Lights! Camera! Election!
“Tracy Flick: “None of this would have happened if Mr. McAllister hadn't meddled the way he did. He should have just accepted things as they are instead of trying to interfere with destiny. You see, you can't interfere with destiny, that's why it's destiny. And if you try to interfere, the same thing's just going to happen anyway, and you'll just suffer.”— Election, 1998
There has always been political theatre. Teddy Roosevelt came back from Africa to challenge his close friend Bill Taft in 1912 when the portly Ohioan tried to dull TR’s environmental record. The Reform press ate it up. The Kennedys were a Wagner Ring cycle of drama and tragedy with murder, drownings and Mafia girlfriends that still gets airtime.
And then there was “the rise of the oceans will begin to slow” from the oracle of the autocue, Barack Obama. In Canada, Pierre Trudeau was a forerunner of House Of Cards as he mocked their Queen and challenged the status quo of the nation’s first century.
So we should not be shocked by the Stanislavsky turns of the current political year. With social media as its plutonium, treading the boards for votes has gone nuclear. The icky task of governing is left to wonks, with basking in the Rose Garden the spoils for the competent campaigner.
Let us assume the Republican Party will find a way to screw up its golden chance to retake the White House (you know they will) and that Boy Trudeau becomes prime minister like his Daddy. What have we learned about the current state of chewing on the scenery to get elected in 2015-16?
Elections are still about telling stories, not toting up abacus scores on the economy. When he ascended to the Liberal leadership, Trudeau didn’t have much narrative beyond scion of a great political story from his pere and his maternal grandfather Jim Sinclair. The rest was gauze and wishful thinking.
Then the Conservatives did him the enormous favour of writing him a narrative worthy of Frank Underwood: figure of pity. For all his economic huffing and puffing, Stephen Harper never found a story for himself as compelling as the “Not ready yet” handle he laid upon the brow of the Liberal leader.
Inadvertently, the Tories gave him his story: the put-upon young underdog whose bar was so low after the Conservative pounding that a sumo could have hurdled it. And hurdle it Trudeau did, albeit barely. When Harper and NDP chef Tom Mulcair discovered that the hectoring, finger pointing Trudeau was not going to soil himself on national TV, they were at a loss where to go next.
Helping the Liberal leader, a media pack seething from years of Harper’s neglect gave Trudeau a hall pass in lieu of cataloging Tory malfeasance.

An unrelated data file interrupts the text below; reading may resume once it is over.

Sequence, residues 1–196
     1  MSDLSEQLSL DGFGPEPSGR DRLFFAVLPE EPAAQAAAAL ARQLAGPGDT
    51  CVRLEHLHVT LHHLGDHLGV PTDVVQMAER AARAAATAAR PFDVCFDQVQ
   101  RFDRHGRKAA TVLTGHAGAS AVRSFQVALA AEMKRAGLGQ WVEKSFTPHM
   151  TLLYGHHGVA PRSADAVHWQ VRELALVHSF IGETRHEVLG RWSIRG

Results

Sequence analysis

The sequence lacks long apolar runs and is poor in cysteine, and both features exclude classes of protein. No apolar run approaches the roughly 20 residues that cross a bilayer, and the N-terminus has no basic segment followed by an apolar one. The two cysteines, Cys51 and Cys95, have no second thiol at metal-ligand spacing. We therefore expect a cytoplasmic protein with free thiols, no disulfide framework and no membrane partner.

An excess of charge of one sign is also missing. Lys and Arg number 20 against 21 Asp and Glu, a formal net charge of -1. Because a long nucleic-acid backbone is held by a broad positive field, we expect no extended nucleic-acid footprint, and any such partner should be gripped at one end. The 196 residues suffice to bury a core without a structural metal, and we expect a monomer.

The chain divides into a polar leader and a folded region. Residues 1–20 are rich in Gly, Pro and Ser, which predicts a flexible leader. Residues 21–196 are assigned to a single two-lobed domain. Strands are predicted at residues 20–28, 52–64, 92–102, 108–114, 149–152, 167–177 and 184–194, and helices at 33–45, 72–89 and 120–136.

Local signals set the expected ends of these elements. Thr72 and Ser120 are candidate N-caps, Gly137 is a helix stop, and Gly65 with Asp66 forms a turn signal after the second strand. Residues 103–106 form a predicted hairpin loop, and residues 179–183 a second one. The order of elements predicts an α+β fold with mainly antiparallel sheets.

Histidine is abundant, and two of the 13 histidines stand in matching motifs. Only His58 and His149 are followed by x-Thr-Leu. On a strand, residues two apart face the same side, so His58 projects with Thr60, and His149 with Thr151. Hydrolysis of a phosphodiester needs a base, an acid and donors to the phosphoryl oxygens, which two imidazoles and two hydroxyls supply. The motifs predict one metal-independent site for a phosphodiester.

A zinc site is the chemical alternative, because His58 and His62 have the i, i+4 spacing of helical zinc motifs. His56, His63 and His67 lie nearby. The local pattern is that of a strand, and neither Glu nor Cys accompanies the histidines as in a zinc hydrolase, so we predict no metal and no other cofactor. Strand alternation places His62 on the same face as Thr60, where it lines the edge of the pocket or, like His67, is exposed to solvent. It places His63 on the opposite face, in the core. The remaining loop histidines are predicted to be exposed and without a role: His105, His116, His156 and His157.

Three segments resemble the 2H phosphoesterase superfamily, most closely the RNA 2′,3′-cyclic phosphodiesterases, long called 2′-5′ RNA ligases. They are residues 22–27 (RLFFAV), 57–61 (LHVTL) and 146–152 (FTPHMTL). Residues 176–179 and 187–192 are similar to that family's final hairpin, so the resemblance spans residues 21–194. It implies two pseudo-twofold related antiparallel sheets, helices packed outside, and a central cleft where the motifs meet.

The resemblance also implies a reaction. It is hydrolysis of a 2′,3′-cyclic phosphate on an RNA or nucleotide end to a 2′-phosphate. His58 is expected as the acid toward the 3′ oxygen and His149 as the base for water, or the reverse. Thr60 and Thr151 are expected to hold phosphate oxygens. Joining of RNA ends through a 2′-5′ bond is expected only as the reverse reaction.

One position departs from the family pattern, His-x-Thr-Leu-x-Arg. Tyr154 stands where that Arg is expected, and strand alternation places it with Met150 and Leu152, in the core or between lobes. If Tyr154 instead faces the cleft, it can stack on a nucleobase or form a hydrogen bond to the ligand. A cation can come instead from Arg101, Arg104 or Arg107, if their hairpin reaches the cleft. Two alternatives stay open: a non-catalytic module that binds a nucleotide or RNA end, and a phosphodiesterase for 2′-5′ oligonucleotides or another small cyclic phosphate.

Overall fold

Given their low expectations, the public allowed Trudeau a second look after the debates. Spouting a platform of Harper’s vulnerabilities derived from polling, he fed Harper Derangement Syndrome so furiously that soft NDP support bolted Mulcair to join Trudeau in slaying the dragon. The only question now is will the NDP collapse enable a majority in the election.
In the U.S., the commedia dell arte has come via Donald Trump as The Grinder and the Tracy Flick performance of Hillary Clinton. To a public addicted to the new porn of brazen politics,
Indeed, Trump has removed the proscenium arch of political theatre to create a political So You Think You Can Dance. Juggling a half dozen catch phrases ranging from I’m a deal maker to I’m very successful, Trump struts like Archie Bunker in a $10,000 suit, damning losers and ugly people and politics as usual. Needless to say, a public that adores the Simpsons and South Park find Trump endlessly amusing. The issue for Trump is whether he’s a six-month special series or a long-running sitcom that will last into the next decade.
Hillary Clinton’s theatrical bent lies in her utterly fearless dissembling, a technique imperfectly acquired from her husband Bill, the Frank Sinatra of insincerity. With her painted smile and plucky demeanor, Clinton re-orders her universe to a collection of perfidies she artfully weaves into a plea for self pity.
Challenged in Tuesday’s debate on her myriad lies about her e-mail trail, Clinton blamed a congressional committee. Told by Anderson Cooper that the FBI thought it was more than a committee witch hunt, Hilary barely batted an eyelash as she fibbed about happily telling all she knows (except the parts she erased on her drive) when the chance comes around.
It put one in mind of Tracy Flick’s pushback against authority in the movie Election when caught tearing down opponent’’s signs. “And they certainly shouldn't be making slanderous accusations, especially when certain young, naive people's mothers are paralegal secretaries at the city's biggest law firm, and have won many successful law suits. And if you want to keep questioning me like this, I won't continue without my attorney present.”
The performance was of such class that her opponent Bernie Sanders, the socialist post card America mailed herself in 1968, declared it time to move away from such email trivialities to real issues like the revolution in America. His literal embrace of Ms. Clinton brought down the house. And guaranteed Tracy Flick on the ticket for 2016. Bring up the lights!
Bruce Dowbiggin @dowbboy @npbroadcaster